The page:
Capturing the Nature of New York City’s Neighborhoods
NEW YORK—It’s certainly not the savanna, but in the shadows of New York’s streets, photographer Richard Koek can be found lying in wait, ready to pounce on that perfect picture.
New York’s architecture sets the scene, as he waits patiently for his subjects to show up, yet he has no idea who they are or even if they’ll turn up.
Street photography is a genre Koek enjoys, he says, due to the necessity of making quick decisions. Sometimes they’re split-second decisions, such as when he captured the almost painterly image of a Manhattan skyline.
In Koek’s photo, the famous skyline is seen in the far right, through a curious stark metal frame, which invites you in. Looking closer, it’s part of an iconic subway car, an image he caught by strapping his camera onto his belt and stepping between two railcars as the train stopped momentarily on the Brooklyn Bridge.
For Netherlands-born Koek, stepping in-between places is familiar to him. He now lives in both Amsterdam and New York City. It’s an in-between space that, as he says, allows him to “see both countries in wonder.”
This awe carries through in Koek’s new book “New York New York: A Visual Hymn,” published by Lannoo, the majority of which was photographed in 2017 as Koek walked through New York’s five boroughs, shot by shot.
About the shots set in scenes such as two Fourth of July gatherings—one in Morningside and the other by the Brooklyn Bridge—Koek said: “It is New York. But is it New York?”
This impression is one that he gets across the five boroughs: “We don’t assimilate; we segregate,” he said. “We all work together and deal with each other monetarily … [but] what brings us all together is love and honor for the flag.” He paused, “The flag and the dollar.”
From Shots to Stories
Koek’s camera saves him from shyness, he says. So, it’s through the lens that he narrates New York’s neighborhoods.
Koek favors an invisible fly-on-the-wall approach to his work. “I don’t want to be a part of it,” he states simply. To take photos discreetly, he sometimes links his phone to a camera held overhead on a stick, so people think he’s texting. This surveillance-type approach works well in neighborhoods unfamiliar to him, until someone discovers what he’s doing.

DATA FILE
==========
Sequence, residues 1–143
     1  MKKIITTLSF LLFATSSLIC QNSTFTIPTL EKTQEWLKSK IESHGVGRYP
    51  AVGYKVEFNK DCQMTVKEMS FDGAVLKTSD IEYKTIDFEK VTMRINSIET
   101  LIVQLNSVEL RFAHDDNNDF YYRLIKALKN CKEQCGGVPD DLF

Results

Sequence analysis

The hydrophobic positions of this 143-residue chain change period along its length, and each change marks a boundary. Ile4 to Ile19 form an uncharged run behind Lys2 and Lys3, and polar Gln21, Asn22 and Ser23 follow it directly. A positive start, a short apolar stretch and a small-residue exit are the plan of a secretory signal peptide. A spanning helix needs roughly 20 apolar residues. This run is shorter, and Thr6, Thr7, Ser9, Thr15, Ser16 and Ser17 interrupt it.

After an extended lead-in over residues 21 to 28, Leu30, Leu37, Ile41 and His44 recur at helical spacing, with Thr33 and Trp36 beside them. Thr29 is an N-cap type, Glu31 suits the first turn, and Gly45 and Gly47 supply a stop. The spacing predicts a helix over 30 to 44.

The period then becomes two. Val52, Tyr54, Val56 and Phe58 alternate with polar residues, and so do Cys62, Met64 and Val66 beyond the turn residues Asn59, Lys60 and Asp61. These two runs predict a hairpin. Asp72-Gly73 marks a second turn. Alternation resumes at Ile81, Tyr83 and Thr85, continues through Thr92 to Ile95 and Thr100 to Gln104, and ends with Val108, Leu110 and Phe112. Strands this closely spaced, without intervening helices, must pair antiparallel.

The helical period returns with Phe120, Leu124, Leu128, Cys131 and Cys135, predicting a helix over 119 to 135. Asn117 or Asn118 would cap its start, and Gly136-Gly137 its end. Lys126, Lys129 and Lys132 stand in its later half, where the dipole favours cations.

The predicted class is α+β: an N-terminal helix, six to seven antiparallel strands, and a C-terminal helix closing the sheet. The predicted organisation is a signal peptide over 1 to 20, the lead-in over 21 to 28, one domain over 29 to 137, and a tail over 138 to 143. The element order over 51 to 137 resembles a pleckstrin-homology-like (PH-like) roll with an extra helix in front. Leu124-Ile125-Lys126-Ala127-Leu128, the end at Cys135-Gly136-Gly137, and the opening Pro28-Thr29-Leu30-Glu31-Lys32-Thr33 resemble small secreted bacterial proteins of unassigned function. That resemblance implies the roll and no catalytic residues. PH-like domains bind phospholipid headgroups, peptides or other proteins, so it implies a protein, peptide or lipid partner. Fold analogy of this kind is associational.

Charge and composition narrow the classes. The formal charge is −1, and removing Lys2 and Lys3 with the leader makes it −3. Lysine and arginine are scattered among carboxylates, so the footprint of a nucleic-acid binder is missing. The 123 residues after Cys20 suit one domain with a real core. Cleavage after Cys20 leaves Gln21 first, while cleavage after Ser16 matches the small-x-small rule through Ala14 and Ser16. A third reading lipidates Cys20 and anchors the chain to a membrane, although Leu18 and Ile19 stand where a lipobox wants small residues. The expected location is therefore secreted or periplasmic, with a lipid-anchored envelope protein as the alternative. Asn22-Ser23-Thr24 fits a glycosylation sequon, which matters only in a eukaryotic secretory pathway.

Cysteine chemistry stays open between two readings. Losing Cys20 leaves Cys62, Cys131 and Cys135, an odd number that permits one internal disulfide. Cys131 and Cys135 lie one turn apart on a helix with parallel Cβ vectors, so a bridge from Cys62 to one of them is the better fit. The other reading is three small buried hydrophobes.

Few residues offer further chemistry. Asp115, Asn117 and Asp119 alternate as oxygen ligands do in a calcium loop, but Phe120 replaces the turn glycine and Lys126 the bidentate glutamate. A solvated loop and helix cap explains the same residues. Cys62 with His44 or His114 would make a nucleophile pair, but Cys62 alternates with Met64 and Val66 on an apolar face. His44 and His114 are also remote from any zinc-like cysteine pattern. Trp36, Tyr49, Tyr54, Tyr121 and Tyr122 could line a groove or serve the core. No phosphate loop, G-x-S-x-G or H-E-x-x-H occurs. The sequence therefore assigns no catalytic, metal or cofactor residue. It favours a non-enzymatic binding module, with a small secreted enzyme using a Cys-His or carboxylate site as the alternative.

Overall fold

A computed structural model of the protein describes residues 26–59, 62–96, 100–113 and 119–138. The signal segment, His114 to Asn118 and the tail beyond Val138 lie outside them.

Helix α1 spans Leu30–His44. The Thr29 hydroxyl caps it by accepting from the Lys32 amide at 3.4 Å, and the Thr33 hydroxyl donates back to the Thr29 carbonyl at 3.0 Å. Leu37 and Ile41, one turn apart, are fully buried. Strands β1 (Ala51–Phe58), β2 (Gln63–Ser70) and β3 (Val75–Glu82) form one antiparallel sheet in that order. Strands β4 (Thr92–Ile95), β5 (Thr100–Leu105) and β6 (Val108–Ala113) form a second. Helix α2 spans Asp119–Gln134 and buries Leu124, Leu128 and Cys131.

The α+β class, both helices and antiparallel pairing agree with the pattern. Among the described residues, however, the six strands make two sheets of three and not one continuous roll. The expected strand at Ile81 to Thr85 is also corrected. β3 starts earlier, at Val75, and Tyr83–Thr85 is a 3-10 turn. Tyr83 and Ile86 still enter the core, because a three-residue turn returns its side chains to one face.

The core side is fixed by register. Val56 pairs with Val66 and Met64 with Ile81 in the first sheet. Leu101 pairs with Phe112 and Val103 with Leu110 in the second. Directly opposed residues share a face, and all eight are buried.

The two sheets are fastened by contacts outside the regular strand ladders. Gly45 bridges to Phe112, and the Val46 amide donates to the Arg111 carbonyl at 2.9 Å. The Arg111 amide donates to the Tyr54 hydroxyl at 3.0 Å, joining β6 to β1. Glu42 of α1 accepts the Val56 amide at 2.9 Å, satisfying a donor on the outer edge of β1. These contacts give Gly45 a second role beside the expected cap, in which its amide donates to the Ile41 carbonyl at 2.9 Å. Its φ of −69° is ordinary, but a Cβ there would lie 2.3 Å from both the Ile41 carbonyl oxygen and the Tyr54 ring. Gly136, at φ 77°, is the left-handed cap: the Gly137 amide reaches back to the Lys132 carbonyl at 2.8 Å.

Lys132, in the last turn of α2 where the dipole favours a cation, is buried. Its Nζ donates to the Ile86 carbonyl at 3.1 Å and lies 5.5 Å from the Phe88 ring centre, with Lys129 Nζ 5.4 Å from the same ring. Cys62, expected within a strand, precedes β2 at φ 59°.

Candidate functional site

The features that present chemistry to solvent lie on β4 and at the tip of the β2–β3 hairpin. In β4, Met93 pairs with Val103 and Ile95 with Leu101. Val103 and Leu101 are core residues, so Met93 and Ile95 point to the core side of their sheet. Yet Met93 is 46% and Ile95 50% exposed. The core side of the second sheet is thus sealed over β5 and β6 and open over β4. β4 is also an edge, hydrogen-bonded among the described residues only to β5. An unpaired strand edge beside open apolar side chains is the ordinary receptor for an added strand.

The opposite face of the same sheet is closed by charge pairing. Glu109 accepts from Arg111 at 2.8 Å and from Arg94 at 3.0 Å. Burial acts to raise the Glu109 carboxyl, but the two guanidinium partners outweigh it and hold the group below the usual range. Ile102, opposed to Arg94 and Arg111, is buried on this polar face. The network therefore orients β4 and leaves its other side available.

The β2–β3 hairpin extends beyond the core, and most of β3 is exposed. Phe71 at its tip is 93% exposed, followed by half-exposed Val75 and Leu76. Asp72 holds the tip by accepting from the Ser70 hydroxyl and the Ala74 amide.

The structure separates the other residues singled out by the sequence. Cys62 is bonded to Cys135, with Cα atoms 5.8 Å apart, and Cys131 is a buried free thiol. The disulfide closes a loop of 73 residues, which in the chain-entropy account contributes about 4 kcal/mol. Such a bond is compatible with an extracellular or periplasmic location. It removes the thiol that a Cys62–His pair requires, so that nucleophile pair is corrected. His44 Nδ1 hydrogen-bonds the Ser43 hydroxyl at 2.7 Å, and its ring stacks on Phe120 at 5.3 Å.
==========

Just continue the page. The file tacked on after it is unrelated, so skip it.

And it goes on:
As soon as people know he is taking pictures, or if he asks permission to take a photo, the dynamic changes, he says; people start posing or looking away.
Often, Koek doesn’t know why he takes a certain shot; he’s found that the less he analyzes, the better his work becomes. He likes to snap what’s slightly beyond the frame, often pulling back from shots to take in “the microcosmos, not just the people in the center.”
Working in this way allows the reason behind a shot to be revealed in the editing process, or he learns the reason from someone viewing the photo, Koek says. It’s a little like the romance of waiting for 35mm film to be developed.
“I have to listen to what people see,” he says, explaining that everyone relates to the images with his or her own story, and that’s the biggest compliment.
Of course, Koek has his own stories behind each shot. He recounts a church in the Bronx, empty except for a cleaning person, where he waited a long time for something to happen. His patience paid off when a small but loud entourage came in for a baptism. The noise came, not from the group, but from the priest who boomed the ceremony over the speakers to a handful of worshipers.
The resulting image is an intimate one, and these are the shots Koek feels most comfortable taking.
Koek’s “A Visual Hymn” shows a quiet adoration of New York in situ: the nature of its neighborhoods and people. Yet, like in nature, “the most beautiful pictures you can’t often photograph, ” he says.